“Dengue, just like Covid-19, is not just a public health crisis but a glaring testament to the current lack of, and desperate need for, collective, coordinated, multi-sectoral action to deal with public health emergencies”, says Rubayat Khan, a 2015 New Voices Fellow, along with Rafiqul Islam in their new piece for the Dhaka Tribune.
The ongoing dengue fever outbreak in Bangladesh, as noted by Khan and Islam, has affected over 135,000 people and left about 1,000 people dead. However, this crisis is not new, it is simply the latest in a series of crises testing the boundaries of Bangladesh’s health system and exposing its “glaring gaps”.
While urbanization, inadequate waste management, and lack of public awareness have created an environment where diseases such as dengue can thrive, Khan and Islam highlight that climate change is only making the environment more conducive for bigger and more severe outbreaks.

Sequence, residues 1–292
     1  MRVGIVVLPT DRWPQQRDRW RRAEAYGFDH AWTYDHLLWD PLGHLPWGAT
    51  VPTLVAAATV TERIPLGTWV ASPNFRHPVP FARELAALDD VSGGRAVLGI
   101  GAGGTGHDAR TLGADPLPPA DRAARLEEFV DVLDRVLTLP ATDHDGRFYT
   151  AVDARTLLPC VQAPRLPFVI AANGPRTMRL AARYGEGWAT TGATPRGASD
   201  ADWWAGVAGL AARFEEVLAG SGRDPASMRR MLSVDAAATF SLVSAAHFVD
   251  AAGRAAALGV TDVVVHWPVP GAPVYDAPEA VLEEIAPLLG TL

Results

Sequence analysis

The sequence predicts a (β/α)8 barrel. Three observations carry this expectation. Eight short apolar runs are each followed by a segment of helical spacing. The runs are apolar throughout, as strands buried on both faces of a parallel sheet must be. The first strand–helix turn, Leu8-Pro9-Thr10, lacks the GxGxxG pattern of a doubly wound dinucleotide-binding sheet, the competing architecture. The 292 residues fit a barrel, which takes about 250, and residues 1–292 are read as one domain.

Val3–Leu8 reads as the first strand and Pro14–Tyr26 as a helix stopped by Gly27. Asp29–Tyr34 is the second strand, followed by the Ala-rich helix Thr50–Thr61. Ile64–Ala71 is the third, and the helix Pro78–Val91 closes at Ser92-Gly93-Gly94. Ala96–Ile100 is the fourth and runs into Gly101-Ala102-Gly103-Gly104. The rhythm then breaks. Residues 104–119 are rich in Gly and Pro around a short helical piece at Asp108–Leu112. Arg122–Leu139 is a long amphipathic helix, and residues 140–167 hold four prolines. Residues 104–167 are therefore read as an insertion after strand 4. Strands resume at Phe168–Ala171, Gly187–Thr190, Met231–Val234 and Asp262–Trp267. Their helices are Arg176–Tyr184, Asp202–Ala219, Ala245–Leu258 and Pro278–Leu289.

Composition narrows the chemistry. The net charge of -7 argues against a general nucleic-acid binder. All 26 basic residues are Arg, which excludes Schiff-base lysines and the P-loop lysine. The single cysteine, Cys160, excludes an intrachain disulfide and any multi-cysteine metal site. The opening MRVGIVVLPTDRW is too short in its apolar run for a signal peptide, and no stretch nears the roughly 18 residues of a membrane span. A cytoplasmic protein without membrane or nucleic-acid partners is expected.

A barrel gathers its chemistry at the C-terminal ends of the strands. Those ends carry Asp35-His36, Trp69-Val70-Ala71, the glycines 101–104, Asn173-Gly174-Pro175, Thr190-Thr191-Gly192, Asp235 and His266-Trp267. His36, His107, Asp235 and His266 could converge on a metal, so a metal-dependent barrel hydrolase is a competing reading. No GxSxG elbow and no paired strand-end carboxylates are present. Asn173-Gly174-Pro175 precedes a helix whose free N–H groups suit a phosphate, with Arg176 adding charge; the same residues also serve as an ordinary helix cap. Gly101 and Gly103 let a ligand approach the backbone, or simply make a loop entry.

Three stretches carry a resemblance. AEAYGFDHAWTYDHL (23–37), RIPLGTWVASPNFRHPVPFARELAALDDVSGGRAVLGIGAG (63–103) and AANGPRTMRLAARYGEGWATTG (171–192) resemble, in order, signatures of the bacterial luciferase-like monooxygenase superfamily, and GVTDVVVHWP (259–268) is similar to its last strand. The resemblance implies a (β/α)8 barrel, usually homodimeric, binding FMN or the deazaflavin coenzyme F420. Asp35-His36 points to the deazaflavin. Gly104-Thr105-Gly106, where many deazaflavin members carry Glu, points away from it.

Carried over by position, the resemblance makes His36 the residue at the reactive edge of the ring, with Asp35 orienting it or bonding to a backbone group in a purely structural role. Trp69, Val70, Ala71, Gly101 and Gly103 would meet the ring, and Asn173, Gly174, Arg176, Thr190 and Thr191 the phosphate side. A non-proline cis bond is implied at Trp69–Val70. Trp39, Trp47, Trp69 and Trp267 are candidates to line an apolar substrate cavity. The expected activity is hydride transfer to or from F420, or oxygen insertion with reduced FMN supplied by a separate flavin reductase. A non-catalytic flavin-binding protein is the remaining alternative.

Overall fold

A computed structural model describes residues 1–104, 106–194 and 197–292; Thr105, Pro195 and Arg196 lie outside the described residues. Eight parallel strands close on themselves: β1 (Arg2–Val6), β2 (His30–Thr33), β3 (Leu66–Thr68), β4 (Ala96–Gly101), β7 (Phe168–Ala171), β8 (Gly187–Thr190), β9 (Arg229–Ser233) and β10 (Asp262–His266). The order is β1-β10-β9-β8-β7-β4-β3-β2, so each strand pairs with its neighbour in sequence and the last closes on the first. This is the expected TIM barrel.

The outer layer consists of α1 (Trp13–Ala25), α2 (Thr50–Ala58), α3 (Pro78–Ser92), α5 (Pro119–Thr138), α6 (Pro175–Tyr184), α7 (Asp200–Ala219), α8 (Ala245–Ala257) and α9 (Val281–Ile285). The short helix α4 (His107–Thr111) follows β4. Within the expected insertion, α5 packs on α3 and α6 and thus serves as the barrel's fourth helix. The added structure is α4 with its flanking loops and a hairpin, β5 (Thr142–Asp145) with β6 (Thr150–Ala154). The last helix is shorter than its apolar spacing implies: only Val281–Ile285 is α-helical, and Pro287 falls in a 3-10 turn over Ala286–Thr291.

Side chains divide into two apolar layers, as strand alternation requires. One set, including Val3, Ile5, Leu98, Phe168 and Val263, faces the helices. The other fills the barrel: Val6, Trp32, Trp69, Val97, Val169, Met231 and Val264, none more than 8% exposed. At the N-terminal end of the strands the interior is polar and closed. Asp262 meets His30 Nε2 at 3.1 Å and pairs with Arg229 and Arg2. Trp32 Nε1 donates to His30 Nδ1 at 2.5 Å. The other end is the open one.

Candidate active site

Emphasizing the need for immediate collective response to this crisis, they call for better coordination between various government sectors, public awareness and active participation noting that “every stakeholder, from the government to the general public, has a role to play”.
This outbreak, as highlighted by Khan and Islam, is only “a symptom of a systemic issue”. Wether it is dengue and COVID-19 today or another health emergency tomorrow, ultimately the need for collective, multi-sectoral coordinated response remains constant.
To read more on Bangladesh’s dengue crisis click below.